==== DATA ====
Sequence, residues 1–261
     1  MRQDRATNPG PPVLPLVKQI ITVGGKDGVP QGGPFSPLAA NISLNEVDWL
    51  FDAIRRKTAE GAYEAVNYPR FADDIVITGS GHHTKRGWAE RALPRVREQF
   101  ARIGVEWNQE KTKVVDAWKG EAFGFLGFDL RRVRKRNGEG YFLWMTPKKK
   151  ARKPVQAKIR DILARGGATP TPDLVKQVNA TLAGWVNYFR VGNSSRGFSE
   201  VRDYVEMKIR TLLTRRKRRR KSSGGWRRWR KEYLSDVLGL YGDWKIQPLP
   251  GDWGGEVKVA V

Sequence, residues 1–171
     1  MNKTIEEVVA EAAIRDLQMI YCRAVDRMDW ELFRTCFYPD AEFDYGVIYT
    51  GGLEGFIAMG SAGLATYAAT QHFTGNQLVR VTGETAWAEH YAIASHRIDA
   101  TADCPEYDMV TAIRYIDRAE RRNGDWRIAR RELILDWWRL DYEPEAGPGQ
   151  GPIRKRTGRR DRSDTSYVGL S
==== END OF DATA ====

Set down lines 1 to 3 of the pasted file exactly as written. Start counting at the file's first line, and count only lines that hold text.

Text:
Sequence, residues 1–261
     1  MRQDRATNPG PPVLPLVKQI ITVGGKDGVP QGGPFSPLAA NISLNEVDWL
    51  FDAIRRKTAE GAYEAVNYPR FADDIVITGS GHHTKRGWAE RALPRVREQF